Many of us know the feeling: seeing that first-year student “fail” (sometimes meaning a C, but still…) their first exam, and having to suddenly confront their first academic struggle. Or the senior getting rejected by their first choice graduate program, and having to suddenly reconcile what they thought they could do academically with what others think they can do. We recognize the feeling of inadequacy students feel. And the question about whether they belong. And the sudden uncertainty about their future plans. And the loneliness.
We often know the feeling because we still have it too: the scholarly paper rejected by the ideal journal after years of hard work; the student evaluations that sting with personal criticisms of a newly designed course; the memories or our own failures as students or our own graduate school rejections.
These things are hard to take at any stage of life, but there is some sense in higher education that the impact of failure may be particularly acute for contemporary students. The argument, as described in a 2017 New York Times article that was the featured piece for a recent Faith and Intellectual Life Discussion Group, is that “even as they were ever more outstanding on paper, students seemed unable to cope with simple struggles.” According to the article, administrators at Stanford and Harvard started calling it being “failure deprived.”
I am generally wary of claims that the current generation of students is particularly vulnerable to mental health concerns – college students have always had mental health concerns, and if anything we have likely gotten slightly better at destigmatizing that reality. We need to do better at supporting students, not pathologizing them. But I am also intrigued by the idea that there is value in faculty and academic staff helping students learn to cope with failure, at least partially by acknowledging their own.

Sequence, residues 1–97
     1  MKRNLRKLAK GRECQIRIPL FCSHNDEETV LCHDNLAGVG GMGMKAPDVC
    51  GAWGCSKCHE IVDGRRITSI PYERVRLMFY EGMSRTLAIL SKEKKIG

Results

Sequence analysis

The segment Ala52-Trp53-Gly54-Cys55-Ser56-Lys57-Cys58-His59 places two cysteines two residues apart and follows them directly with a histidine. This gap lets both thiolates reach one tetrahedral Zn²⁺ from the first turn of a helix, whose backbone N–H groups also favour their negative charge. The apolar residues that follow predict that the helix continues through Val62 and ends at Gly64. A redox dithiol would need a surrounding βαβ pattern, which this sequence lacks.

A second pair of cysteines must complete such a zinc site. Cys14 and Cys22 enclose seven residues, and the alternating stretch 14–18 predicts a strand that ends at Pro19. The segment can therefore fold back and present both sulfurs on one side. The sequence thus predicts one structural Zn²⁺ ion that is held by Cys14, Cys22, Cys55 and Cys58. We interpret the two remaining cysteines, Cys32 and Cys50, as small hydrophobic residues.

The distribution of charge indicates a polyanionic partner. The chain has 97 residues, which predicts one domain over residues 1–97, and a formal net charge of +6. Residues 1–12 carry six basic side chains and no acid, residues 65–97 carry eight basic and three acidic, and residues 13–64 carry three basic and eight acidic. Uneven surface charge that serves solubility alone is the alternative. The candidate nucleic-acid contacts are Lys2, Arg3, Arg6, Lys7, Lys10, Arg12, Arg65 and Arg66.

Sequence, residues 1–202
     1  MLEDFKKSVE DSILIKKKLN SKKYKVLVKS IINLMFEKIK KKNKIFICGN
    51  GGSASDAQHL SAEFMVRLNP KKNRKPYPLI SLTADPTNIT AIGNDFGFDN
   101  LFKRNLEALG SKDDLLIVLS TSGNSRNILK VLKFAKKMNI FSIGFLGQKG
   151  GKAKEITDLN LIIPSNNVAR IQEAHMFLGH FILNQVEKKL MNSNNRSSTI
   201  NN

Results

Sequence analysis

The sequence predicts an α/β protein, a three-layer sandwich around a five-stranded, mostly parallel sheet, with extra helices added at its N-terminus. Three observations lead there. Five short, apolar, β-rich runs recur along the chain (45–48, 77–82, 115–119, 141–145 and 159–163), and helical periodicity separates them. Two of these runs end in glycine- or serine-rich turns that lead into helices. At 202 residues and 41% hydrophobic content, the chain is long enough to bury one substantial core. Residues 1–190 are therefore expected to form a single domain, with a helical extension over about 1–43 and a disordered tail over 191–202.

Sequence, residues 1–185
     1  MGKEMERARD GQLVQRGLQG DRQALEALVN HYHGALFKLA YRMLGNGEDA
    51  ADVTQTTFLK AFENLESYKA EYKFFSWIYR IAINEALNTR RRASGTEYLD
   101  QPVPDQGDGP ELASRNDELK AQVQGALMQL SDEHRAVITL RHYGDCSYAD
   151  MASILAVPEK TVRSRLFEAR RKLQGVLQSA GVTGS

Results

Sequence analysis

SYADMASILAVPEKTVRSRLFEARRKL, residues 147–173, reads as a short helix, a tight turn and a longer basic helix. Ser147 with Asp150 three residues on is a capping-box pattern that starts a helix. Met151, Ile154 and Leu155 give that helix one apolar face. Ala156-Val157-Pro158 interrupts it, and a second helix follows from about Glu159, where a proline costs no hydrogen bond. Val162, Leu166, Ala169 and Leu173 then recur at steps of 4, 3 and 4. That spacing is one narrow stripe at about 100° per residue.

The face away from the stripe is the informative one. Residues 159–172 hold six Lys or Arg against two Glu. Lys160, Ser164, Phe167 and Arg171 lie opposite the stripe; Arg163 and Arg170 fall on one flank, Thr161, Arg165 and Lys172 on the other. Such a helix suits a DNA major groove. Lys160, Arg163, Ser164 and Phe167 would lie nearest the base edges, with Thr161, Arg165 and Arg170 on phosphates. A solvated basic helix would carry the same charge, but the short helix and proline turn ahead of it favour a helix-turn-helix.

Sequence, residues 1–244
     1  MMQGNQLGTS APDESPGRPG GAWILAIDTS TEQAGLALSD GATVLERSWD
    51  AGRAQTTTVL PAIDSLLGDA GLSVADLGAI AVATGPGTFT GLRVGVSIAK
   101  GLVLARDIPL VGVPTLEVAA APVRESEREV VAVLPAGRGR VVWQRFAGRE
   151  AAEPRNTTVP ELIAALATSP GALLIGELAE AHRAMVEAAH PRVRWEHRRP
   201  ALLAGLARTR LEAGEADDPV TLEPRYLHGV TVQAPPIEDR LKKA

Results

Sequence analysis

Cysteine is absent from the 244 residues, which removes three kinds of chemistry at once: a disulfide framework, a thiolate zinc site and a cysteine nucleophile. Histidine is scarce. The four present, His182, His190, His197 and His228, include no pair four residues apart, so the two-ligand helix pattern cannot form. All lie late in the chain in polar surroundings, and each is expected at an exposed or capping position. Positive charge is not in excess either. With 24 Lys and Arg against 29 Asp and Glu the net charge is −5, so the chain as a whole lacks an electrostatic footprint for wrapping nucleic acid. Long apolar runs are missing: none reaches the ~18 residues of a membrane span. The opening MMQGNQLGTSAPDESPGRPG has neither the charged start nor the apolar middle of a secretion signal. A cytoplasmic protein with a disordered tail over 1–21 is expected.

The Times article cites a number of thought-provoking examples:
- Smith College uses a “Narratives Project” to have students and staff tell stories about failure – ideally helping others realize they are not alone.
- Stanford offers a “Resilience Project” that includes a “Stanford, I Screwed Up!” event described as “commemorating and celebrating the ‘epic failures’ in our lives. Students from across campus come together and share experiences through storytelling, comedy, poetry, song, video, spoken word, and other creative means.”
- Harvard has a “Success-Failure Project” where they offer “Reflections on Rejections” – “a collection of video and text reflections about rejection from Harvard University deans, faculty, students, and alums, as well as several of their actual rejection letters that some of them received. The letters are kind, cruel, or just form letters, but all Reflections on Rejections contributors were courageous enough to share their letters and their insights.”
- Princeton has a “Perspective Project” where they suggest: “Everyone faces struggles, setbacks, and failures at some point in their Princeton career, yet we so rarely talk about these experiences. Members of the Princeton Perspective Project believe that sharing these stories will reveal a new perspective on campus life, while helping all of us to be more resilient by understanding that failure is a natural part of the path to success — however you define it.”
- Penn uses a “PennFaces” component of their own “Resilience Project” to feature “stories of successes and failures, ups and downs, hardships and self-discoveries, in order to foster resilience and create more honest and open dialogue on Penn’s campus. It celebrates the diversity of members of the Penn community – students, faculty, staff, and alumni – by sharing stories that can connect all of us. In sharing these stories and perspectives, we hope to deconstruct the Penn Face – the idea that one must always appear busy, happy, and successful at everything all the time. Let’s challenge the single notion of success.”
Are UP students as “failure deprived” as students at Stanford or Princeton? For better or worse, they are probably not. (Though Portland did kind-of make an appearance in the Times article, when it discussed the broader issue in higher education by noting “If it all feels a bit like a “Portlandia” sketch, that’s because it actually was one: in which Fred and Carrie decide to hire a bully to teach grit to students, one who uses padded gym mats to make sure the children don’t actually get hurt.”) It’s also important to not fetishize failure as part of a cultural self-help narrative.
But these examples may offer a helpful reminder that our best students, like all our students, are not immune from mental health challenges. And sometimes hearing faculty and academic staff in the context of our classes or our advising talk about our own failures might help students keep things in perspective. Maybe, in other words, our own lack of failure deprivation could be put to good use.